Past students of mine

1. Patrick Hullegie (joint supervision with Peter Kooreman), 2007-2012 (placement: VU Amsterdam)

2. Yufeng Huang (joint supervision with Bart Bronnenberg, received cum laude distinction), 2011-2015 (placement: Rochester)

3. Noelia Bernal (joint supervision with Frederic Vermeulen), 2013-2014 (placement: University of Piura)

4. Yan Xu (joint supervision with Bart Bronnenberg), 2013-2017 (placement: Hong Kong Polytechnic University)

5. Roxana Fernandez (joint supervision with Jan Boone and Catherine Schaumans), 2013-2017 (placement: CREST)

6. Emre Koc (joint supervision with Eline van der Heijden and Lex Meijdam), 2013-2015 (placement: private sector)

7. Chen He (joint supervision with Bart Bronnenberg), 2014-2018 (placement: Shanghai Tech)

8. Laura Capera Romero (joint supervision with Jaap Abbring), 2015-2020 (placement: VU Amsterdam)

9. Maciej Husiatyński (joint supervision with Misja Mikkers), 2018-2021 (placement: private sector)

10.  Rafael Greminger (joint supervision with Jaap Abbring, 233KUR 4-year research talent grant,  received cum laude distinction), 2018-2022 (placement: University College London Business School)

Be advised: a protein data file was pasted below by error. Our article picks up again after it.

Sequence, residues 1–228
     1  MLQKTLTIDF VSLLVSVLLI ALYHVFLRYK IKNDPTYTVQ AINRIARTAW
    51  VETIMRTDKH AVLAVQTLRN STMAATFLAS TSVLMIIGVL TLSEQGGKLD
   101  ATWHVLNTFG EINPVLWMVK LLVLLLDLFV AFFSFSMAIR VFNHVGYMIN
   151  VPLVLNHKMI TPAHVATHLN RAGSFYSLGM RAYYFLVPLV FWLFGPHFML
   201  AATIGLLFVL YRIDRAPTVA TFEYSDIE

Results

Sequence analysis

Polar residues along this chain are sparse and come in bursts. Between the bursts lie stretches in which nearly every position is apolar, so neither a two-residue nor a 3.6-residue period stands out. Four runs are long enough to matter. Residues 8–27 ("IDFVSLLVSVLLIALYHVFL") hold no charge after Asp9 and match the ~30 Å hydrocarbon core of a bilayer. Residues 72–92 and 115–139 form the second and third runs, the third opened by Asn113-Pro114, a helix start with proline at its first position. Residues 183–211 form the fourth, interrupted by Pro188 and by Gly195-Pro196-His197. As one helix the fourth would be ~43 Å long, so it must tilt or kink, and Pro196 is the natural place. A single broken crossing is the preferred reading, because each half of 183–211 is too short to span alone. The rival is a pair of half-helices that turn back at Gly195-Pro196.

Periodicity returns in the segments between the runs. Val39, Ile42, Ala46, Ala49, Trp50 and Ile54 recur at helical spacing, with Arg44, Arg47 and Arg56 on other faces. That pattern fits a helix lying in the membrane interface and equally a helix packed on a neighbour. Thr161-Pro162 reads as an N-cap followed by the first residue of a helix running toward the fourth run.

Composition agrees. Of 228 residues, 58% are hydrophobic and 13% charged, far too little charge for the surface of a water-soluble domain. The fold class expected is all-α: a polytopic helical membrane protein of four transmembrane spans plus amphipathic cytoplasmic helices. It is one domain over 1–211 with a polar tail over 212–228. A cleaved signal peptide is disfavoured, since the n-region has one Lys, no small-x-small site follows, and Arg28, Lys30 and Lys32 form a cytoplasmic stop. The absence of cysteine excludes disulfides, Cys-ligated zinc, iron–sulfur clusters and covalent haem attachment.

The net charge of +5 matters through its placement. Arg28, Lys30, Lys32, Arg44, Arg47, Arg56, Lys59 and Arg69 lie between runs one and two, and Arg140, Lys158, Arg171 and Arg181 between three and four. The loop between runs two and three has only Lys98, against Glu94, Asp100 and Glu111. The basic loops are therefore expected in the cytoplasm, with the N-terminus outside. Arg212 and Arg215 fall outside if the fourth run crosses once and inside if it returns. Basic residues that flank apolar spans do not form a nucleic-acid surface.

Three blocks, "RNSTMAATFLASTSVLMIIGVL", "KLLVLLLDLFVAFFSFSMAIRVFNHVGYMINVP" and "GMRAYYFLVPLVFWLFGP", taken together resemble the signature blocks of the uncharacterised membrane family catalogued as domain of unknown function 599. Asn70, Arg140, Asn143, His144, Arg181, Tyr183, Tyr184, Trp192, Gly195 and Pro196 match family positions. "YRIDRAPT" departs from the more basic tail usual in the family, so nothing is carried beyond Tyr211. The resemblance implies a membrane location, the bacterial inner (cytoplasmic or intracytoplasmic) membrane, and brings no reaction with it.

11.  Suraj Upadhyay (joint supervision with Martin Salm), 2017-2022 (placement: private sector)

Current students

12.  Ittai Shacham (joint supervision with Jaap Abbring), 2017-

13.  Michela Bonani (as official promotor, the main advisors are Christoph Walsh and Florian Schütt), 2018-

14.  Kadircan Çakmak (joint supervision with Bart Bronnenberg), 2019-

15.  Jan Svitak (external, joint supervision with Jan Boone), 2020-

16.  Tinghan Zhang (joint supervision with Christoph Walsh), 2020-
17.  Gaston Mullin (joint supervision with Jaap Abbring), 2023-

Future students

If you're currently in the CentER research master program in economics and interested in working on a topic that is related to my research interests, feel free to get in touch.

The best time to do that is sometime in your second year, but feel free to contact me earlier. Usually, you would write your research master thesis with me, maybe also your term paper, and then a revised version of that thesis would become the first paper of your thesis.